During the time of the Kingdom of Serbs, Croats, and Slovenes, which was later the Kingdom of Yugoslavia – that is, during the interwar period of the 20th century – Slovene Jews were first affiliated with the religious community in Zagreb, and in 1929 they affiliated themselves with the Jewish religious community in Murska Sobota. Statistical data show the number of Jews in the entire Kingdom to have reached 64 159 in 1921, of whom 860 were in Slovenia. Slovene Jews were a leading force in business and their capital and support exerted a strong influence over the Union brewery, coal mining in Trbovlje, as well as over many other industrial plants.
Jews were the owners of many industrial complexes in Maribor, Murska Sobota and Lendava. During military operations and the outbreak of World War II in Yugoslav territory in April 1941, many Jews emigrated to the U.S., while the rest were sent either to concentration camps in northern Italy or to the notorious German death camps. In 1944, the same fate struck the influential Jewish community in Prekmurje.
The Jewish community in Gorica was also devastated during World War II. The Italian, German and Hungarian occupation forces that divided Slovenia after April 1941 began deporting the Jewish population between 1942 and 1944. During this period the main Jewish communities that had been established in the late 18th century in Murska Sobota and Lendava were completely destroyed. This was the culmination in terms of the antisemitic propaganda that had been a part of the Slovene battle for national existence since the beginning of the 19th century.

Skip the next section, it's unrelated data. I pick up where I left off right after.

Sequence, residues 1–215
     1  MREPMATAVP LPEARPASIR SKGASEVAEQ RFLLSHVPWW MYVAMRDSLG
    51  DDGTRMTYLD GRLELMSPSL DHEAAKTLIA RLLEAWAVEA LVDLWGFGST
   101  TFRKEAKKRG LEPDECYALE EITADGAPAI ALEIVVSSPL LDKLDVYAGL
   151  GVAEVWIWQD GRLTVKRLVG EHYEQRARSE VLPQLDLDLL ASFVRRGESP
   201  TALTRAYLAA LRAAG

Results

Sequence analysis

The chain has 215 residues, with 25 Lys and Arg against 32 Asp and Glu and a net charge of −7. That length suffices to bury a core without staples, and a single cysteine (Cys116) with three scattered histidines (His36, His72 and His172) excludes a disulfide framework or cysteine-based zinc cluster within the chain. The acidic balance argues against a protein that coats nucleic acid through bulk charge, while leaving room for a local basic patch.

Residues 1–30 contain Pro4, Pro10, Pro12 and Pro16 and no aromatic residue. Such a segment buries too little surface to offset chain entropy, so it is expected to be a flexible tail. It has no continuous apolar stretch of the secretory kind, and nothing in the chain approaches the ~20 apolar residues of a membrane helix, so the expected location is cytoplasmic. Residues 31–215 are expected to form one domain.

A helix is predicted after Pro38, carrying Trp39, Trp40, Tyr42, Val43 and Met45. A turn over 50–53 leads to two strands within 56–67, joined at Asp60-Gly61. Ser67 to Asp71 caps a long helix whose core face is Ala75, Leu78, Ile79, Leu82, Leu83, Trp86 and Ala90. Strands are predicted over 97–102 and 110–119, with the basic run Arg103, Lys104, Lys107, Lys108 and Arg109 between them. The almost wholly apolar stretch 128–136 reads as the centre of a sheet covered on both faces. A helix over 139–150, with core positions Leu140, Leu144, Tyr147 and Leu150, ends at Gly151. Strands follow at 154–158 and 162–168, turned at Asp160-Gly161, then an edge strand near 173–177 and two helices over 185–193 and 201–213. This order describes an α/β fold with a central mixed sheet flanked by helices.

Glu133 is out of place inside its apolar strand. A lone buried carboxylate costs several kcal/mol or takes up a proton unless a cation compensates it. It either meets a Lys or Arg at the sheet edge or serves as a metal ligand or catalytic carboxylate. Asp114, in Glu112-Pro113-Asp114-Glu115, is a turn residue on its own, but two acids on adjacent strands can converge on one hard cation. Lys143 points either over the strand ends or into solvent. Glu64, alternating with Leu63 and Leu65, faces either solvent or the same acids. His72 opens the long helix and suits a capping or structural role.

Although there was never a large Jewish population in present-day Slovenia (with the exception of Prekmurje), up until 1941 individual Jews and Jewish families were important in the realm of trade and commerce, as well as in the intellectual professions. In this regard, it is interesting that they did not especially emphasize the fact that they were Jewish.
Today, the total Jewish population in Slovenia, comprised of both Sephardi and Ashkenazi members, is estimated at 400. The majority of the community resides in the capital, Ljubljana. The communal organization is the Jewish Community of Slovenia with 150 members. The Association Isserlein was founded to promote the legacy of Jewish culture in Slovenia in 2008.
Sites of Jewish interest today include the old synagogue in Maribor dating back to 1429. When Jews were expelled from the city in 1496, the synagogue was converted into a church. The building is restored and now operates as the “Public Institution of Jewish Heritage”. There are historic cemeteries in a number of cities and towns maintained above, including Ljubljana, Lendava and Murska Sobota. In 2008, the complex of the Jewish Cemetery in Rožna Dolina (near Nova Gorica) was restored with the aid of local politicians, the neighbouring Jewish Community of Gorizia (Italy), and the American Embassy in Slovenia.
In January 2010, the first monument to the victims of the Shoah in Slovenia was unveiled in Murska Sobota.
Israel and Slovenia have full diplomatic relations. Israel is represented by its non-resident Ambassador in Jerusalem, supported by Israeli Embassy in Vienna.